Robin Sloan

Robin Sloan

I am a Lecturer and Programme Leader for BA (Hons) Game Design and Production Management at Abertay University in Dundee, Scotland.

Location Dundee, Scotland


  • I find this projection of character on to other objects really fascinating also, and how we infer personality and intent from a graphic or agent based on its behaviour more than its appearance. That's why I really love Thomas Was Alone by Mike Bithell - although there is narrative context provided, the graphic design is flat and geometric and we infer so much...

  • Manic Miner remains a defining game for me, as simple as it may have been! It remains one of the games that terrified me the most as I died so, so often...

  • Hi Jennifer - you sound like you are coming from the same place I came from! I was broadly interested in games and art, and studied as an artist first before specializing in games. I hope this course does help you on the journey towards university study ;-)

  • Robin Sloan replied to [Learner left FutureLearn]

    Hi there - yes I agree this is an important part of character design. Identity is one thing for sure, but it's so important to be able to make characters who are not like ourselves but with whom we can establish a meaningful connection. It helps us to understand the world through others' eyes, and games have a powerful means of achieving this by making you the...

  • Empathy and suspension of disbelief are so important to all character work, for sure! Game characters then have their own challenges, particularly when establishing empathy with a complex player character...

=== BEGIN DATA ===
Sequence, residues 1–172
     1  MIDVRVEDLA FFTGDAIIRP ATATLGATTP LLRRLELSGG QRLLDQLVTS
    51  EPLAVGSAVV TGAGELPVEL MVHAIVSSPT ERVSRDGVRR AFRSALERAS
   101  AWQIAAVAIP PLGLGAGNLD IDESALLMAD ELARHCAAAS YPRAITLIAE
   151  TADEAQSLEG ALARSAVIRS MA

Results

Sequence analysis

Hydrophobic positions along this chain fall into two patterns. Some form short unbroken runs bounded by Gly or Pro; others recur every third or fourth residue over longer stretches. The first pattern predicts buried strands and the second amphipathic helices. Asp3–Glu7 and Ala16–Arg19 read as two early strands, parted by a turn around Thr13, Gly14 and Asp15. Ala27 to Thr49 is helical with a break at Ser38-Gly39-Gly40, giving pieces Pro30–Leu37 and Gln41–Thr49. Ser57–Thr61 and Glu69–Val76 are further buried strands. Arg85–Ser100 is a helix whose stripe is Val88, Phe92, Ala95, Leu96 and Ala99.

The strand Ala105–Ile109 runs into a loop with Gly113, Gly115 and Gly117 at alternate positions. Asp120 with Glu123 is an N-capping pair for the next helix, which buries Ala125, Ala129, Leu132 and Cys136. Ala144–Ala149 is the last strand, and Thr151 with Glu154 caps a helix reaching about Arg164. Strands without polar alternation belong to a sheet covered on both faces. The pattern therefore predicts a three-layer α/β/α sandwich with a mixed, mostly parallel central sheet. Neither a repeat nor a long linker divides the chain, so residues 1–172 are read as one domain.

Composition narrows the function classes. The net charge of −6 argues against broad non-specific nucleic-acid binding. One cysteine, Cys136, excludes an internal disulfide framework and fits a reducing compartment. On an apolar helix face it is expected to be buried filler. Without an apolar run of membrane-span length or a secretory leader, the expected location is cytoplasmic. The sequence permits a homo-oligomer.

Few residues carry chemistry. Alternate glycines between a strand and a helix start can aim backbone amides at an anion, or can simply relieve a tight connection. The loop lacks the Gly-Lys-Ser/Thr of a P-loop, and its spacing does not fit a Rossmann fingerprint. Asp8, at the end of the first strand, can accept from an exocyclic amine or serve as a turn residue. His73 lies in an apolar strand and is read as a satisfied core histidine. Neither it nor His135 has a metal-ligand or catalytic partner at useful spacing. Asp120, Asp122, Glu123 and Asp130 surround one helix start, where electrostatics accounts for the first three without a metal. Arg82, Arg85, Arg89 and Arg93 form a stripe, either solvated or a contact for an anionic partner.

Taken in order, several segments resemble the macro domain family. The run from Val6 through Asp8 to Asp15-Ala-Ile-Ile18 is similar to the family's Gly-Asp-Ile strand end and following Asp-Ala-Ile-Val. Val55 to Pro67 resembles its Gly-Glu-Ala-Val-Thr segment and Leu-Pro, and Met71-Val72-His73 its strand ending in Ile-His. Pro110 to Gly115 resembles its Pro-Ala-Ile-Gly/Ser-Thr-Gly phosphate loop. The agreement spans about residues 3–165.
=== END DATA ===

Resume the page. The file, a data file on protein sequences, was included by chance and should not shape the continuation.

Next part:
• Hi Aaliyah - it's great to hear you have a specific interest that you can connect to character design. Mythology is such a rich source to draw from for compelling and interesting character designs ;-)

  • Hi Adam. I like your comment on movement that is difficult to learn but that creates for an amazing experience. We'd call this the flow state - where you develop your skills to the point that you feel a balance between difficulty and your own skills, and it creates a feeling of focus and enjoyment!

  • Hi and welcome - I think it's great that you are really invested in the design and creative aspects of game storytelling even thought you want to move towards programming as a vocation. If it's a career in games you are looking at, then a varied set of interests beyond your core discipline is really helpful :)

  • Welcome, Nathan. Thank you for both of your points - this roughly aligns with some of the course content, also, with Week 1 focused more on the storytelling and Week 2 on visualisation. I hope that you find the course helpful :)

  • Hello Leonie and welcome to the course. And thank you for your example of Blackwood Crossing - I think this is an excellent example of authentic and emotionally-charged game character design, and definitely a game I would recommend course participants check out.